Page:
on passage from Bali to Malaysia
November 9, 2013
The nearest large island of the Indonesian Archipelago to the small one where we are currently anchored is Java. There is a fast ferry from the small village here to East Java (we assume.) We have been stuck in this calm anchorage now for 5 days. We stopped here for a night of sleep on our way north to Malaysia. And the next morning as Owen was checking the engine he noticed a drip coming from the coolant tank. After closer inspection and a little digging around, he found a pencil sized hole in the inspection plate which is attached to the bottom of the coolant tank. There are baffles in the tank, so you cannot easily look inside it or push something in there and poke around. He quickly siphoned the tank (for reserve - we do not have any spare bottles of coolant.) Then he got on the phone and called Matthew, the Indonesian mechanic we used in Kupang who is now in Bali, for advice. Matthew suggested that we remove the plate with the hole in it and patch the hole (with gasket material and an aluminum patch,) then reattach it.
Well that sounded good except that our tank is old, the bolts holding the inspection plate are old. And sure enough as Owen tried to remove one, the head of the bolt just broke off. We do not have replacement bolts, nor will there be any in this little village near by. So Owen decided to try a patch of aluminum epoxy putty covered with fiberglass. The next day our engine was spattered with coolant as the putty failed. After cleaning it up, he decided to fashion a plate from the aluminum stock that we have on board. And using the little gasket material we have left, some lock washers and several steel screws, secure his plate over the hole in the old one. Many things could go wrong with this plan - and did over the next 48 hours.
It's taken a couple of tries to get it right - if in fact we have finally gotten it right. The gasket material needs 24 hours to cure, so each try is another day here. There were endless fittings, broken hacksaw blades, continuous hunts for tools (disrupting the whole boat), hopes and prayers about our gasket material (being not too old) and of-course a few choice 'captains words' as Owen banged his head and dropped significant parts into the bilge. Yet he hasn't given up hope. We'll check the latest fix in the morning. The kids and I spent the last couple of days in school, out of the way mostly, except for the day it rained buckets. The night before I had set up a bucket of laundry, that morning I was eager to hang it, instead, we collected 11 gallons of water as bolts of lightning flashed all around us. Owen put small navigation electronics in the oven as we watched the walls of rain advance loudly before they pelted our rain catcher and washed our boat clean. Luckily for us the rainy season has begun. There is no water available on this tiny island. The locals survive on brackish well water for washing and rain water for consumption. But it has hardly rained in 4 months, so there wouldn't be any to spare for us should we run out.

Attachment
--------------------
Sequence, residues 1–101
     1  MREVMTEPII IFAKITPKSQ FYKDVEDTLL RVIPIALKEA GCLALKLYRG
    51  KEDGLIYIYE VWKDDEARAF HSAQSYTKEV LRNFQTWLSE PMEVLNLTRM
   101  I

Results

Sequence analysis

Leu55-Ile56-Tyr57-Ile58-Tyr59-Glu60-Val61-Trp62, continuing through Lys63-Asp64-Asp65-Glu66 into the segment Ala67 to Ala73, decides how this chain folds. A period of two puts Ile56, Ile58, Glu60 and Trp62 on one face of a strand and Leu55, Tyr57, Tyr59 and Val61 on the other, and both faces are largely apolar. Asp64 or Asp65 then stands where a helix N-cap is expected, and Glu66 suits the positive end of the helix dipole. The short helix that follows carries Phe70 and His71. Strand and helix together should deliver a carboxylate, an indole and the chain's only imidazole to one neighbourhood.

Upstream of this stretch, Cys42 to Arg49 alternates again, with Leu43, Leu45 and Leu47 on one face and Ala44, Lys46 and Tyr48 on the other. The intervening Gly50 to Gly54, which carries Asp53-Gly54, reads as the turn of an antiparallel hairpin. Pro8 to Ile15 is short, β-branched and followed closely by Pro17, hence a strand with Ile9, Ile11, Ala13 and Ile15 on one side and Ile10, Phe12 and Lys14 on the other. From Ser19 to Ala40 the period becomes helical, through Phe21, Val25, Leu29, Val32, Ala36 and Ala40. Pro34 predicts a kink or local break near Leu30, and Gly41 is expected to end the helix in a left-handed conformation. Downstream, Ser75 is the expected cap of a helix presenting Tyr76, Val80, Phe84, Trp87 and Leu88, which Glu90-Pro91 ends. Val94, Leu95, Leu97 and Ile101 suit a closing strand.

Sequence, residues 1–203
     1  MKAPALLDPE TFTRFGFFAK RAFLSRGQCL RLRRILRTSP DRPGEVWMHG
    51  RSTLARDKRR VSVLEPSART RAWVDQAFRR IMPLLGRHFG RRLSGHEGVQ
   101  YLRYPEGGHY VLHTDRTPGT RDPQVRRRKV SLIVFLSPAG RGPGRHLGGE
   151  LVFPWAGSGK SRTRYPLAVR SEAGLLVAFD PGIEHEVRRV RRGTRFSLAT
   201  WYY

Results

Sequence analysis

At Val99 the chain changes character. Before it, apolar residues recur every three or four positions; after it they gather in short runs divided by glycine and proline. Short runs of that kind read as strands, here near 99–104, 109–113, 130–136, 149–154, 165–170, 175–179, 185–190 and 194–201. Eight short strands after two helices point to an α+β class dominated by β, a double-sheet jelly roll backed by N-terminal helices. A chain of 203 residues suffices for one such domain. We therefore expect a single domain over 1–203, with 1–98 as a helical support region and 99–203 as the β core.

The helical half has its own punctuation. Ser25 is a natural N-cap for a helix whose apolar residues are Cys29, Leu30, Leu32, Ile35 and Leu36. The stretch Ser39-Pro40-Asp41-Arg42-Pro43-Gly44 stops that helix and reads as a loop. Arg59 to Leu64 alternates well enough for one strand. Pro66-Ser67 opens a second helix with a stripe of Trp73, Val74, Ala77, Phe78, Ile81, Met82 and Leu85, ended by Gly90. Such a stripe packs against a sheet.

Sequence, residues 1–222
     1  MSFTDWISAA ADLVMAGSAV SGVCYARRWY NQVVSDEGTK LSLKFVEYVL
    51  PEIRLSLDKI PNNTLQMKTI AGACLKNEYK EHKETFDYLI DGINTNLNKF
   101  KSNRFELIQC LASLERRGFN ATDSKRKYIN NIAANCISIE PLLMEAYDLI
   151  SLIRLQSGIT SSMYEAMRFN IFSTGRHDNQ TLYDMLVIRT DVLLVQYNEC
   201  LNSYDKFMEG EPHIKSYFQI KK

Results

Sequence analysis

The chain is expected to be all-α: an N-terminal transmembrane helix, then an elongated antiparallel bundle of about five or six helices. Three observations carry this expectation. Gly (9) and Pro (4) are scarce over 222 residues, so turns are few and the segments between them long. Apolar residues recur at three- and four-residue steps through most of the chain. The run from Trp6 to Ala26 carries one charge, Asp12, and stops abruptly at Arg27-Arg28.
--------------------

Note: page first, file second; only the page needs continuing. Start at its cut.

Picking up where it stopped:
Last night as the dark clouds blew away, and a big red sun set on a fresh horizon, after a day of rain and hanging and re-hanging the laundry, not teaching school and feeling somewhat down about the repairs, I slumped down on deck and just listened to the chanting coming from loudspeakers on shore half a mile away. I must have heard 7 different voices each chanting their own Muslim prayer. As I looked at the bay surrounding me, I gave into the undulating voices and waited for the chanting to awaken my own voice. (In a former life I was a vocalist. I haven't sung much on this trip - quarters are too close.) I began a quiet chant of my own and wished I could see the local mosque.
The agony of waiting for the repairs to "hold" and allow us to continue on our way has made the last couple of days a bit tense. Yet finding this engine leak while at anchor has made this particular problem less difficult - we are relatively comfortable here. It is beautiful. The locals haven't bothered us at all (trying to sell us things.) The weather has been just glorious, mostly sunny with light winds to keep us cool. The sunsets are pretty. This anchorage is more peaceful than anywhere we have been in almost a year. There is almost no swell and best of all, there are no mosquitos! So we can actually enjoy an evening after dark.
There comes a time in every passage where I let go enough of what I cannot control (my own sea sickness, repairs at sea, sick kids, scary weather) and find a bit of peace with the current situation. If Owen cannot repair the leak - maybe it will be just the beginning of another part of a different type of journey. Maybe he would end up on a fast ferry to Java for parts. And maybe Tamsyn or Griffyn would go along. And maybe I'd finish another painting while they are away.
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